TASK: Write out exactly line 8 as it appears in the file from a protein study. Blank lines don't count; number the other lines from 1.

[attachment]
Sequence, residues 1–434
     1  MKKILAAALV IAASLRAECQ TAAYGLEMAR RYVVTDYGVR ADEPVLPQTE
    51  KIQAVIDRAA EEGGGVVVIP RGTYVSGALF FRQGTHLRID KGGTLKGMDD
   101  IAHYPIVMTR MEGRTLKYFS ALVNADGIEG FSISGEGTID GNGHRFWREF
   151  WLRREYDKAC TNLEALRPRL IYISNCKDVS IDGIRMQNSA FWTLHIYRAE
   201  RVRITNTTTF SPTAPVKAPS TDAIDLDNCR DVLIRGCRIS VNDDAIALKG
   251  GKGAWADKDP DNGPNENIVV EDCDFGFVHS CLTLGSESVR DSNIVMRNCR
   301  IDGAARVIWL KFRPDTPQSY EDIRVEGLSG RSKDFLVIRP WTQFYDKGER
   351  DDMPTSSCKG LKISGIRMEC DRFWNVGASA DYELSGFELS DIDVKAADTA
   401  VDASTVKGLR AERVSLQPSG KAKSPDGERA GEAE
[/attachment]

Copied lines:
   301  IDGAARVIWL KFRPDTPQSY EDIRVEGLSG RSKDFLVIRP WTQFYDKGER